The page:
Geometric Investigation of Tandem Flapping Hydrofoils Under Wave Orbital Motion

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Abstract

The field of hydrodynamics propulsion is critical in reducing carbon emission and mitigating the effects of climate change. In this study, we investigate a propulsion technique that involves two free-flapping hydrofoils arranged in tandem configuration which make use of wave orbital motion to generate vessel forward thrust. This system does not require any input energy and can have numerous applications such as propelling autonomous surface vehicles, which are fundamental for mapping ocean currents, gathering climate data, etc. In this paper, we make use of computational fluid dynamics (CFD) to investigate the impact of hydrofoil shape in a tandem flapping foil configuration which converts wave energy into thrust. Given a fixed inter-foil spacing and environmental parameters, we account for wave orbital motion, vessel forward motion, and wake effects.These are the major factors that affect the system’s overall thrust output while also accounting for system efficiency. Through this study, we hope to increase the propulsion system’s overall functionality, and facilitate the system’s integration across a wider range of vessels. The study also satisfies the goal of determining the optimal configuration of different thickness to chord ratio over both hydrofoils, which has been an unanswered question on the propulsion system. Through the testing of different thickness-to-chord ratios we revealed that the configuration with the thicker forward foil, characterised by a higher velocity deficit and vorticity, thereby reducing the efficiency of the aft foil. However, the gain in thrust that is provided by the forward foil is enough to produce a net higher total thrust over a system with identical foils on both positions.

Keywords: Flapping Foils, Flapping Hydrofoils, Tandem Foil Configuration, Thrust Generation, Wave Orbital Motion, Wake Interaction, Foil Shape.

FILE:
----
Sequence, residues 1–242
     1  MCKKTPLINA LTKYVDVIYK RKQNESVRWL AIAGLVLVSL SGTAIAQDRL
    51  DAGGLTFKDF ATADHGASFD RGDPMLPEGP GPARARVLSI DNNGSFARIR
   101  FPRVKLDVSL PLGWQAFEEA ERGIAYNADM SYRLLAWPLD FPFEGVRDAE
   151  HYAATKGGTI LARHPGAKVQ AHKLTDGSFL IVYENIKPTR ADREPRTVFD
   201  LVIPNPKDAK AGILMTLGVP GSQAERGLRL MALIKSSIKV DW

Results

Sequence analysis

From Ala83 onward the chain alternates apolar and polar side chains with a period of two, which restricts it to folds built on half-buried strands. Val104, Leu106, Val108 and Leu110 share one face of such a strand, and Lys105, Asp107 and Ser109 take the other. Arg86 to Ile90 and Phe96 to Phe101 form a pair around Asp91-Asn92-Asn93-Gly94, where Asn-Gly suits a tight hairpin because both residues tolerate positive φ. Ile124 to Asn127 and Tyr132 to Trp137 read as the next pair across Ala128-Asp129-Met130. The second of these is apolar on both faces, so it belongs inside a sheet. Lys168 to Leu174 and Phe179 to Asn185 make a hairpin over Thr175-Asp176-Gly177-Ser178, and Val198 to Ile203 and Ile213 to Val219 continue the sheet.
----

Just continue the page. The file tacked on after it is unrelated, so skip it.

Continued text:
Introduction

Nature has always inspired scientists and aided them in designing many of the machines we use today in our daily lives. The field of hydrodynamics is no different. Especially in the field of vessel propulsion, aquatic animals over millions of years of evolution have developed very efficient propulsion techniques. One of these propulsion methods uses flapping foils in a tandem configuration, which can be compared to pectoral flippers of marine turtle and penguin species, or to fish moving against currents in rivers or in the trail, also referred to as wake, of other fish. The propulsion method being investigated in this study consists of a tandem flapping foil configuration, hence a forward and an aft foil setup that moves and rotates about the vertical and transverse axis, respectively. The main idea is to extract energy from wave orbital motion, which refers to the movement of particles or objects in a wave as they undergo circular or elliptical paths. As these foils move and rotate, they extract energy from the wave motion and create a positive force in the forward direction, referred to as thrust. This technology has numerous applications. Its main one is providing the propulsion system for small Unmanned Surface Vessels (USV), which are used to collect vast amounts of scientific data on a large scale. Such vessels have been in testing but the technology has never seen any significant use on even a minor scale. Furthermore, this method of propulsion does not depend on any fossil fuels or electricity making it a very environmentally and economically friendly propulsion technique. Our research is focused on Investigating and optimising this system to increase its efficiency, allowing a larger use of this technology and a stronger benefit to the environment, aiding humanities strive to become a carbon neutral civilisation. We hope our simulations can be used by any feature companies looking to use this technology for USV’s, to make their vessel overall more efficient. Over the years, such a propulsion system has been investigated by many researchers, which contributed to the current stage of this technology.